The recent talks of extending monies to the "Big Three" auto makers has reached a fever pitch.
Nearly every talk-radio show has at one time or another either covered the topic or made it the focus of a segment of an hour, or made it the topic for the hour.
There are many great points made on those shows; especially the point that what these auto makers is facing is the very reason for bankruptcy laws.
Allowing companies to continue to do business while restructuring themselves as they have more time to pay their debts and keep workers (that's real people) from being unemployed due to no cause of their own.
The Congress shall have Power To...establish...uniform Laws on the subject of Bankruptcies throughout the United States.
But, this is so much more than big important and connected people coming in and saving some group and letting others have to follow the laws.
We are in the middle of the Congressional leadership and the Democrat Party's chosen one deciding that the auto makers and therefore the auto workers are more important than our power-supplying companies and therefore the mine workers that supply the coal that is the predominant source of fuel for our power supply.
I was at a loss for understanding how this could be. But, there were no uncertain terms applied to what would happen to any company that would try to build a coal-fired plant:"they will go bankrupt".
Why is bankruptcy OK for one industry, that we all need and use, but not for another that, well hasn't been so very necessary of late - remember it is the "Big Three" of Ford/GM/Chrysler that are on the verge of bankruptcy not ConEd/Exelon/FirstEnergy; yet, very strangely, it is ConEd/Exelon/FirstEnergy (as well as many others) being threatened with bankruptcy if they even attempt to supply more of the product that is in such demand.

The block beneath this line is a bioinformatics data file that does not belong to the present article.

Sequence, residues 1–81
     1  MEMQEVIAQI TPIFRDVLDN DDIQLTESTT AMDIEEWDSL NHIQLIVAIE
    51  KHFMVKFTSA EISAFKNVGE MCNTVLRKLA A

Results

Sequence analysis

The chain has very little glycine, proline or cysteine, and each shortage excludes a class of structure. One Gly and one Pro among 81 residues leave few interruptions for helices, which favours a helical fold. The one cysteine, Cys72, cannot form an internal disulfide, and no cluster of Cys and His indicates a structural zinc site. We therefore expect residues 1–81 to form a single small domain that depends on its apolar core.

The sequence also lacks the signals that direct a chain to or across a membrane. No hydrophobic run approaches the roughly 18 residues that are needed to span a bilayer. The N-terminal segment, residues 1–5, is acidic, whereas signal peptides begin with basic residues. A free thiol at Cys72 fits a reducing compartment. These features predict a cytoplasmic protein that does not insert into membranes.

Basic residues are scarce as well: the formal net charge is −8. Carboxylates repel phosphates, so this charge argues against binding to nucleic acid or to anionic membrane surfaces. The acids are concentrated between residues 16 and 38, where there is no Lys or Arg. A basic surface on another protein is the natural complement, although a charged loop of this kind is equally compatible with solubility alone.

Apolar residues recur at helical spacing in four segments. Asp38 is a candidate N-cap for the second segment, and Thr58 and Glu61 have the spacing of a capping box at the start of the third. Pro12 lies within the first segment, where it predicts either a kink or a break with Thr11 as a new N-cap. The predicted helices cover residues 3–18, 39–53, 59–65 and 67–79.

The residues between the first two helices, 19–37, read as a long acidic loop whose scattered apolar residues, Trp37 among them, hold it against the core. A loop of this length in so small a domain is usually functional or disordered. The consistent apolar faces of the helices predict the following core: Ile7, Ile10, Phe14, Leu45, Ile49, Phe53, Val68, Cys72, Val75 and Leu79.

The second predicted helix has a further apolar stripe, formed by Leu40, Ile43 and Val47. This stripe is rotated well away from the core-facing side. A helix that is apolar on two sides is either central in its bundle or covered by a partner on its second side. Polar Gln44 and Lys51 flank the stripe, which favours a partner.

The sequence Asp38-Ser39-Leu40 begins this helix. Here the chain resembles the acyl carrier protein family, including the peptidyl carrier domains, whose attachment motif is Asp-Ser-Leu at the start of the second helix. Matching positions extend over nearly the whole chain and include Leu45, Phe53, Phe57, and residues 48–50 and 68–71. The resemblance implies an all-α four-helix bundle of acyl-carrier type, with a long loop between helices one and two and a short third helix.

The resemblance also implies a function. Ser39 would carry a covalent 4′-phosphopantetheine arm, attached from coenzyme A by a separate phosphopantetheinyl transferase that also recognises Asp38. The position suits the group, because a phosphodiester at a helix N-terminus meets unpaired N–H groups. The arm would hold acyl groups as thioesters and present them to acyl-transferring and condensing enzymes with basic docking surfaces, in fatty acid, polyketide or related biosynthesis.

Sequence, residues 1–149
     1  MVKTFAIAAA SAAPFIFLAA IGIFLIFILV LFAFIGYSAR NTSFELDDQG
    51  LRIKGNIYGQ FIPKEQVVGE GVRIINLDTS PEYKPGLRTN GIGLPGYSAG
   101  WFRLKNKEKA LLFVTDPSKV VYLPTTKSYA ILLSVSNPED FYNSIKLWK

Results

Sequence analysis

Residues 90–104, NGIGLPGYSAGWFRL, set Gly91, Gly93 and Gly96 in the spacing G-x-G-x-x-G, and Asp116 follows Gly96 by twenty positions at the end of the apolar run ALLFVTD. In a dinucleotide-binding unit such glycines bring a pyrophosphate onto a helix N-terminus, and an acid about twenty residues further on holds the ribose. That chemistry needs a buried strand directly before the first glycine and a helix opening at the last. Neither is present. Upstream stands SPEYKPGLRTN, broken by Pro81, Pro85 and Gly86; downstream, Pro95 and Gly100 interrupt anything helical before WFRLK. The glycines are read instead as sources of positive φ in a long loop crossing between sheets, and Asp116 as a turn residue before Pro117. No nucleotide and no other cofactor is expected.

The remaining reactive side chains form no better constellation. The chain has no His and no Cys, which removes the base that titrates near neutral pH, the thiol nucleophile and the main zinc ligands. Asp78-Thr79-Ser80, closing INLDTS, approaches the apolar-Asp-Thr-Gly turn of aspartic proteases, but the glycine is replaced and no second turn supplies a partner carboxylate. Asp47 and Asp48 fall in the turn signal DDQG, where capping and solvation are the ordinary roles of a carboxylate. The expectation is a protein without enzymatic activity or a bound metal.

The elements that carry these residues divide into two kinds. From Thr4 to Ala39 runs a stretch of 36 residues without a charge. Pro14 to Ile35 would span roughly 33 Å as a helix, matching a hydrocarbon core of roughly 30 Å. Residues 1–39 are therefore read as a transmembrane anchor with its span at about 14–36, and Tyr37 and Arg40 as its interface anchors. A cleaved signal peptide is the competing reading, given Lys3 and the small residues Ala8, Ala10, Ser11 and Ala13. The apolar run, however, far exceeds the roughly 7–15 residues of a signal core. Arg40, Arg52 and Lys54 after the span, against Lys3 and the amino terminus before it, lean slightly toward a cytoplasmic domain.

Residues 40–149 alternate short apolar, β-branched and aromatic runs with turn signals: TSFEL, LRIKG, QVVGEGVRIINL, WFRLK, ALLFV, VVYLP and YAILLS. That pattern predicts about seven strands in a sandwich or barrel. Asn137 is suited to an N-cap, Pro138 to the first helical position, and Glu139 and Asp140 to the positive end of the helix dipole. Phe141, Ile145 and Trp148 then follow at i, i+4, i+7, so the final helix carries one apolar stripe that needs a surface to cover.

The answer my friend is in the rhetoric of the Democrat Party's chosen one.
Remember the number 250,000 ? (or 200,000 or 150,000 or 120,000 whichever the number du jour is)
Oh, sure, when at first we heard him use it, he meant the dollar amount at which your income has made you less important to him. But that number is so much more meaningful.
The United Auto Workers are a group of 464,910 as of the end of 2007. That is a lot of union dues. That is a lot of union dues being funneled into the Democrat Party coffers. Those union dues would undoubtedly be decreased in the event of contract restructuring by a bankruptcy.
The United Mine Workers, however do not make it to the magic number.
The United Mine Workers are a group of 105,000 according to their statement of endorsement of the Democrat Party's chosen one. A large part of that membership is outside of the coal industry, in such varied occupations as public service and healthcare.
That is apparently not enough union dues being funneled into the Democrat Party coffers to care enough about preserving their contracts from bankruptcy restructuring.
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